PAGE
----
Wednesday, May 27, 2015

Jump In and See What Happens!

In early April, inspired by this Div1Edtech in EPSB blog post we, Caroline and Marge, decided to jump in and try Kidblog with our respective grade 1 and 3 students.


Our setting is unique, as all of our division one students are distance learners, online.  Our students are spread across Alberta and around the globe. We connect in real time with our class each week through an online collaboration tool called, Blackboard Collaborate and instruct our students asynchronously  through a learning platform called Moodle.

Getting Started with Kidblog - Things We Learned


We  purchased a premium membership as this enabled our students to use their Schoolzone and Google account passwords to log on. No need to worry about another password. Simplicity is the goal.
  1. Enrolling students: Once we set up our Kidblog account we received an individual class code. Students go to the  Kidblog webpage one time only to enter their display name and the class code to create their own individual blog within our class blog. Several students thought they needed to use the class code each time resulting in several pages under that student's name. We corrected this by creating a video demonstrating how to log on to the class blog once the students had enrolled.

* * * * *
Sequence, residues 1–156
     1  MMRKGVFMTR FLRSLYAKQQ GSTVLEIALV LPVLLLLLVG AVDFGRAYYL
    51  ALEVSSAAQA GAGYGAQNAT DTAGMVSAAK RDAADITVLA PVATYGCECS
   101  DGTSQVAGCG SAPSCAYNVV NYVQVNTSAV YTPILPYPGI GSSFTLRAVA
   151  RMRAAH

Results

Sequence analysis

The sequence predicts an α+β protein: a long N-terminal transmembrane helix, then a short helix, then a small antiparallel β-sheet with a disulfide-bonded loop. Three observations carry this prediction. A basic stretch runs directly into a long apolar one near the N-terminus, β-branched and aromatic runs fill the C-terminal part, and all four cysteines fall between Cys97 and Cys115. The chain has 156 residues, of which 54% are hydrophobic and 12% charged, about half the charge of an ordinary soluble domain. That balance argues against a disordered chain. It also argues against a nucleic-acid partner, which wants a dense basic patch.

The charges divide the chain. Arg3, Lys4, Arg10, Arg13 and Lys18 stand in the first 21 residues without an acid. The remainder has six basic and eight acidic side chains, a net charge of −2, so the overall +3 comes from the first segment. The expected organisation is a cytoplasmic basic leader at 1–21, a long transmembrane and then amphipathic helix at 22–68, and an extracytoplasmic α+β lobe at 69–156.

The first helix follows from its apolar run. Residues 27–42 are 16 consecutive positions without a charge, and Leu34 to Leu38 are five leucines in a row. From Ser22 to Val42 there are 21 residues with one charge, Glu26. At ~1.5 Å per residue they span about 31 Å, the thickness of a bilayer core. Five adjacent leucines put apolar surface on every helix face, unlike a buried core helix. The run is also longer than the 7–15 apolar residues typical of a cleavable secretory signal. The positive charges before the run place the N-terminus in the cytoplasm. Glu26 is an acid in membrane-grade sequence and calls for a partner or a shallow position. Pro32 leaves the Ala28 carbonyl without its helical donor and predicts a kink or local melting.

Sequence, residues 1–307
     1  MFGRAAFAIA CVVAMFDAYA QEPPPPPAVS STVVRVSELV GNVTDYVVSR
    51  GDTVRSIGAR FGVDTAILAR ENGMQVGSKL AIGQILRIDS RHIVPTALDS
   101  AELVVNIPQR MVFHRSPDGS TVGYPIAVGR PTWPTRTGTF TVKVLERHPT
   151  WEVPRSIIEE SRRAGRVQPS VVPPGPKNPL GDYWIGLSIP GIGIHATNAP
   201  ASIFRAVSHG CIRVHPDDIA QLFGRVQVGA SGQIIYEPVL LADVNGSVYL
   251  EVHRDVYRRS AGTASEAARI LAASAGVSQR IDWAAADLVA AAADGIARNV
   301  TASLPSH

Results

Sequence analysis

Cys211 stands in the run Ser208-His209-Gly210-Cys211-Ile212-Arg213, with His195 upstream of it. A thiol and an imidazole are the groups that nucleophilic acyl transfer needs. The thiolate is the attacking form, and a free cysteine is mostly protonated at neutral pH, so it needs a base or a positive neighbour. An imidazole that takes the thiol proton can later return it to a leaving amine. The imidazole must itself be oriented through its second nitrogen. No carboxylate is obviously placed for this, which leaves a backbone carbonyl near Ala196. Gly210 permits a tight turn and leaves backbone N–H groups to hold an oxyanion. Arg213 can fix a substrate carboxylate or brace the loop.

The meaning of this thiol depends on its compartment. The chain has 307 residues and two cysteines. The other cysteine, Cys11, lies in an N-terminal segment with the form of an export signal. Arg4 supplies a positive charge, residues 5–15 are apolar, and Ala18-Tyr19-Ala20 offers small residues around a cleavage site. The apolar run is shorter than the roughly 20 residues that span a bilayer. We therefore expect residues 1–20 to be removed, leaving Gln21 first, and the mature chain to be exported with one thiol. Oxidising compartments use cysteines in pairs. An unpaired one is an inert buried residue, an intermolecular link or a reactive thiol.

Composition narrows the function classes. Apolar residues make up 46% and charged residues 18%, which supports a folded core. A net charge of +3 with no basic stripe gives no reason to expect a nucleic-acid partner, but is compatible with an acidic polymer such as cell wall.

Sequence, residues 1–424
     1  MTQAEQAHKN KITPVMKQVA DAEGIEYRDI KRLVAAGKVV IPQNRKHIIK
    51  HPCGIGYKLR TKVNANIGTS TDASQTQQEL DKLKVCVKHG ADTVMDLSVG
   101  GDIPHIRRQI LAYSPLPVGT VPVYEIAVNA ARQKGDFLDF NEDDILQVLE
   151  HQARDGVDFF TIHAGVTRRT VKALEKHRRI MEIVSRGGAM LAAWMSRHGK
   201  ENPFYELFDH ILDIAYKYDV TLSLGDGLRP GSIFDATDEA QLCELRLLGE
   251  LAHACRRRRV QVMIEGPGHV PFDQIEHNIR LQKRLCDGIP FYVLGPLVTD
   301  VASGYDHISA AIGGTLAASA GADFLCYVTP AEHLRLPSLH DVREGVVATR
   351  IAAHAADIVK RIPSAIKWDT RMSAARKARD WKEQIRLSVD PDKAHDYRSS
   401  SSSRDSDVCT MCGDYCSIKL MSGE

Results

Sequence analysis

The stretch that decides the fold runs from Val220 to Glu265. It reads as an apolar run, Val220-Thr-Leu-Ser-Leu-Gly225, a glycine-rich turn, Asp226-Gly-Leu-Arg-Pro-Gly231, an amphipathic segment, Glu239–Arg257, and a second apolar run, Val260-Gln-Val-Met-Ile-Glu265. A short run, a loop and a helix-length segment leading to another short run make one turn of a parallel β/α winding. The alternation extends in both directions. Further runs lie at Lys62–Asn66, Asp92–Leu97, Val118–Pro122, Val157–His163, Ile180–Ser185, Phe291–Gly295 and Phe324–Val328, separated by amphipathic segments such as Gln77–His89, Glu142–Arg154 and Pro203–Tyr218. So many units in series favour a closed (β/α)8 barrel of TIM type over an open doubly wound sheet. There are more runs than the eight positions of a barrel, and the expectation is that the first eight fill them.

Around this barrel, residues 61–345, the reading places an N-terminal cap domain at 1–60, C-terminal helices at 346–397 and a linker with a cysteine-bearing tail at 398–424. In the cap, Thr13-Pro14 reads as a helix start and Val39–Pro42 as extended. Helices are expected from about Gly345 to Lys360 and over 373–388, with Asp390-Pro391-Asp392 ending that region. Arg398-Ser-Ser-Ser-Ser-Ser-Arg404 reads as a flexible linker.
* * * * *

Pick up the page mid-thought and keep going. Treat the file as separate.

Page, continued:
2. Finding the our Kidblog web page and creating a post: Once our students had enrolled themselves they needed to easily find the blog, know how to log in on the page, and most importantly learn how to write a post.  Once again we created a video for our distance learners to view.
  3. Use the Blogroll Widget: We added each other’s class  to our blogroll.  This allowed the grade threes to see the grade one blog and visa versa - each class could comment on each other’s posts.  Consider the potential benefit to students as they connect with other  grades within our district, across the province, country or internationally.

Grade One - Engaging with Learning


Grade ones were beginning to explore and investigate Needs of Plants and Animals so to model for the kids how we are actively engaged in research everyday I took them through a mini-lesson on what Stephanie Harvey and Harvey Daniels in their book, Comprehension and Collaboration Revised Edition call parallel annotation.